- October 30, 2020
- Posted by: Scott Setterlund
- Category: associations, Business plans, communities, Community, Development, Economics, Finance & accounting, HOA, homeowner association
Most homeowner associations lack adequate resources to operate like a business and a volunteer Board member ends up wasting an enormous amount of time on concerns that divert their attention away from key concerns. All too often, associations are run like a family community co-op, foregoing business acumen, in order to gather over a pot-luck. While casual gatherings are great for fostering relationships, the failure to operate like a business can damage the association and result in creative reporting, lackluster enforcement or homeowner disengagement.
“When inadequate business functions are applied, Board members can become too quick to shout for legal action or use their power to push a personal agenda, while others can drag their heels to avoid confrontation. Without formal processes, the results undermine the HOA by negatively influencing the community’s culture. Members will quickly take advantage of it,” states Michael Madson, President-Elect of Idaho Community Association Institute’s Chapter and president of MGM Association Management.
“Poor management diverts the Board’s attention away from issues that affect the underline fabric of a community. Board members need to advocate the importance of following the rules and model behaviors that will help to define their culture,” he reports.
A formal collections procedure, for example, provides a step-by-step process for the Board and its membership to follow and leaves no question as to the expectations.
5 Simple Steps to Improve Your Collections
- Determine a delinquency timeframe. The first step for the Board is to determine a timeline when an owner will be declared past due on his or her assessments — after 30 days, 60 or 90? Madson suggests a two month or 60-day threshold.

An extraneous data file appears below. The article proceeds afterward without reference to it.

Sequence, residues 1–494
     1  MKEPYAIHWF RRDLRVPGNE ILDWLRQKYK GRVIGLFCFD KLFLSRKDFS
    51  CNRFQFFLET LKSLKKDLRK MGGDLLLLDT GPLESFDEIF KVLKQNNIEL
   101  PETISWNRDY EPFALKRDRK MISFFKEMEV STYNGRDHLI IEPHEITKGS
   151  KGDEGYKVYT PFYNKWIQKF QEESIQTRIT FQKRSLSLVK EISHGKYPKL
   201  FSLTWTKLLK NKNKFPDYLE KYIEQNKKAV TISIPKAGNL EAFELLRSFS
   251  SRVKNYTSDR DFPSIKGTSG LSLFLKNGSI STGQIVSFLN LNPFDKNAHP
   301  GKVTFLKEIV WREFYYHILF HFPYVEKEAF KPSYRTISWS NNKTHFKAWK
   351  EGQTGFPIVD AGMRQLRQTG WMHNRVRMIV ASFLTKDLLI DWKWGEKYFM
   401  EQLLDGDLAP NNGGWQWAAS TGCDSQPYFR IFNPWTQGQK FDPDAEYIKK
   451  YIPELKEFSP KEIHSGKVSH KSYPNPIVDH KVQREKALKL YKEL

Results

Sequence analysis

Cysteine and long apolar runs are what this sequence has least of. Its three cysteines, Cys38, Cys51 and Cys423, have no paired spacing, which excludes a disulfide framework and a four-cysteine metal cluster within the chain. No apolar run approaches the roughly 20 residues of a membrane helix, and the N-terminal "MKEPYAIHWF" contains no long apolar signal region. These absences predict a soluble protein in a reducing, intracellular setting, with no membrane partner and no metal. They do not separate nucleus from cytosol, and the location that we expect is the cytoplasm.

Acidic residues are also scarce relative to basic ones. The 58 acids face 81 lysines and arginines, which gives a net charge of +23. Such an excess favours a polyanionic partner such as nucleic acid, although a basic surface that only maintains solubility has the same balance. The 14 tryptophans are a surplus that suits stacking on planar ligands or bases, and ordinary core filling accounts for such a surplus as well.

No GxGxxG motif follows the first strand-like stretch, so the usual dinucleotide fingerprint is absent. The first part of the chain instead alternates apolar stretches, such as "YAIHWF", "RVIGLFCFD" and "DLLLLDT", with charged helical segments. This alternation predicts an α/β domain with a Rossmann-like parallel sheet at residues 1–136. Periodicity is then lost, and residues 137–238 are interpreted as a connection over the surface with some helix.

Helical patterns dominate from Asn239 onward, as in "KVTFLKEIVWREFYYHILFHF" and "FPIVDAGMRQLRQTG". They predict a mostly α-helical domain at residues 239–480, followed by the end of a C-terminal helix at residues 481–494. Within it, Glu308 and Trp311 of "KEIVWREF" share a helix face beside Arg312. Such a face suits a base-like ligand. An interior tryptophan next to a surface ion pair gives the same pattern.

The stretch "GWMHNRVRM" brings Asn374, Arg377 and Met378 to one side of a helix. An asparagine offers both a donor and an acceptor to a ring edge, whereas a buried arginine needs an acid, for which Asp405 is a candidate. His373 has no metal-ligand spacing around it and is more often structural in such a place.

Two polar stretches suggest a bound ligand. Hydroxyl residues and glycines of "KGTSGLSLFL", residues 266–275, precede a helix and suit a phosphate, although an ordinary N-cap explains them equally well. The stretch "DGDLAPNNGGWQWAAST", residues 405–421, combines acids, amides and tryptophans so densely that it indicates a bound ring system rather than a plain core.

- Create a courtesy letter process. The policy should designate when the association manager will send the first “courtesy letter” (for example, seven days after the due date or expiration of the grace period for the missed payment) along with an explanation of the subsequent timeline of events, a statement about the collections policy, who to call for help, and offer a platform for arbitration.
- Become the solution provider. Madson says Board members have an excellent opportunity to position themselves as the solution provider; rather than being the “heavy.” “Association manager’s job is to provide this service and offset the Board from potential uncomfortable confrontations.” Board members should attempt to remain impartial and act only as a mediator between the homeowner and the HOA by offering solutions,” he reports.
- Institute penalties. A formal collection procedure should be clearly stated in the governing documents and define the interest and late fees if applicable. Madson states that Boards should take a hard line against waiving these fees. “A free pass opens you up to claims of unequal enforcement,” he says. “Instead, the Board might consider suspending voting rights or the rights to use amenities.”
- Consider payment options. The Board might consider payment plans. The policy should spell out the requisite conditions an owner must meet and how long plans can run (generally, plans should go no longer than 12 months), and any payment plan must be formally documented.
For more information on how to save your Board time, improve your collections or how to better manage your HOA as a business, contact MGM Association Management at (208) 846-9189 or visit www.gomgm.com.